Wholesome Memes for Isolated Teens

Artwork: Bonnie Burns

During the Spanish flu pandemic of 1918, the fabric of civil society disintegrated. Misinformation about the virus created a cli- mate of generalised suspicion that eroded community bonds. Sick families starved to death because neighbours were too scared to bring them food. Corpses were left on the footpath, while children bet on who would die next. People lived in fear and isolation.

Having closely followed the news of the COVID-19 outbreak and the isolation measures imposed by the Government, I initially wondered whether Australia was destined for a similar fate: a society spiralling into discord and mistrust. Racism prompted by the ‘Chinese Virus’. Health care workers abused on the street. Brawls over toilet paper in Woolworths. However, as a classic Gen Zer who spends approximately 14 hours a day on the internet, I have seen that social distance does not mean social dis- cord. Although some community behaviour has been reprehensible (stop panic buying!), the internet offers a social adhesive: memes.

In a time of isolation and uncertainty, memes have brought a significant portion of Australian society together. From videos of people socialising with their plants, to memes about Animal Crossing, binge watch- ing Tiger King and offensive quarantine haircuts, there is comfort in knowing others are adopting the same (maybe slightly unhealthy) coping mechanisms. By framing frustrations with the virus and its ripple effects (like long Centrelink wait times and missing the homies) in a humorous light, we can acknowledge how difficult this pandemic is while remaining positive. Such memes have created a strong sense of community that will persist in the future. Indeed, I am already excited to attend the Facebook Event ‘Sydney’s Biggest Ever Group Hug’ with 3000 others in October.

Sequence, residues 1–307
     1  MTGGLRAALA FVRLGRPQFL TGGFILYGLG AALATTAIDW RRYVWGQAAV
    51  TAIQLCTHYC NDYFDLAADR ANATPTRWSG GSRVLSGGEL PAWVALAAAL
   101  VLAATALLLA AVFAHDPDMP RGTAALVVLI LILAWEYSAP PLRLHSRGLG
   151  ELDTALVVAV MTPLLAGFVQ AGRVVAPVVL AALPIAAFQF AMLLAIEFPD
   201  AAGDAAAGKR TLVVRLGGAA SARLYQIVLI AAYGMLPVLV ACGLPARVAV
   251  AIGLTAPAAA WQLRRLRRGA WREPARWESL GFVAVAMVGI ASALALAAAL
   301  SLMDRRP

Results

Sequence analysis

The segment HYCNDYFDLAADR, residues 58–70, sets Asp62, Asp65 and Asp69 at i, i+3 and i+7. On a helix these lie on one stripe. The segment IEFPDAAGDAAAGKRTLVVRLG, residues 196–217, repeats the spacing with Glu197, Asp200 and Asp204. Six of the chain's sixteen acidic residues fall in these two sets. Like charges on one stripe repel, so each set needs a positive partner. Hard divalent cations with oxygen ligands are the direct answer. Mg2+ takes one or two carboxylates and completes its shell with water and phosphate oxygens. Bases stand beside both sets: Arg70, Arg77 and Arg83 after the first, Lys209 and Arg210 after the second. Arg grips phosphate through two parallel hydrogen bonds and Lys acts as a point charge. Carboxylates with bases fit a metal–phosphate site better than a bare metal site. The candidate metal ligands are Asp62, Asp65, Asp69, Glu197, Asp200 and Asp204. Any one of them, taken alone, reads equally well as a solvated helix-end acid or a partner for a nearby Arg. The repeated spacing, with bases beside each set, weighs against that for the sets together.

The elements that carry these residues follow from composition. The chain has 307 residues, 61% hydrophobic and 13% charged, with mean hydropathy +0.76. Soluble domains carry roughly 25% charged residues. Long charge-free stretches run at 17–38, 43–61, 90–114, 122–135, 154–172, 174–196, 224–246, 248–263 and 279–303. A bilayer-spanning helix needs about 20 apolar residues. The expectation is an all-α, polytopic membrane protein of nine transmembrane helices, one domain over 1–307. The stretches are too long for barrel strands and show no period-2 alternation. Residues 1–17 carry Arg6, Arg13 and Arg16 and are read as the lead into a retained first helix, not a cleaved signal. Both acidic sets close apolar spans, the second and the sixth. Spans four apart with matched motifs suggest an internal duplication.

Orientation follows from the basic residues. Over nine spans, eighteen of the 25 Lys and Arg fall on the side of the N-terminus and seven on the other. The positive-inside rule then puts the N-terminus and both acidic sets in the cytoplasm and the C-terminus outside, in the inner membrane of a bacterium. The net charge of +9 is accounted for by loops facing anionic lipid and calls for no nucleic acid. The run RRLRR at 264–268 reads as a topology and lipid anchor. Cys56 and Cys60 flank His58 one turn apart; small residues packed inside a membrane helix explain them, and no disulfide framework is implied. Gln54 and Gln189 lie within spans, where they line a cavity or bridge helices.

Meme culture has also encouraged compliance with the Government’s social distancing measures. It is now trendy to watch ‘Quentin Quarantino’ films with friends online, or drink ‘Quarantinis’ via webcam. People compete to have the funniest Zoom backgrounds, party in virtual nightclubs, participate in Instagram challenges and make Tik Toks with family members. ‘Bin Isolation Outing’ is a particularly popular Facebook group where households dress up and film themselves taking out their wheelie bin, given the bins now ‘go out’ more often than their owners. Such trends promote social distancing, with individuals granted access to this vibrant online community only when they create and upload content from home.

Unlike during the Spanish flu period, we now have the internet to keep us connected. The outbreak of COVID-19 has seen meme culture evolve from that of trivial humour to a powerful force that facilitates both social distancing and social cohesion. Although COVID-19 news is often bleak, memes allow us to relate to and connect with one another during this unprecedented period. To quote Camus’ The Plague, “What we learn in a time of pestilence [is] that there are more things to admire in men than to despise.” The unwavering human spirit, expressed through memes, is definitely something to admire.

We acknowledge the Ngunnawal and Ngambri people, who are the Traditional Custodians of the land on which Woroni, Woroni Radio and Woroni TV are created, edited, published, printed and distributed. We pay our respects to Elders past and present. We acknowledge that the name Woroni was taken from the Wadi Wadi Nation without permission, and we are striving to do better for future reconciliation.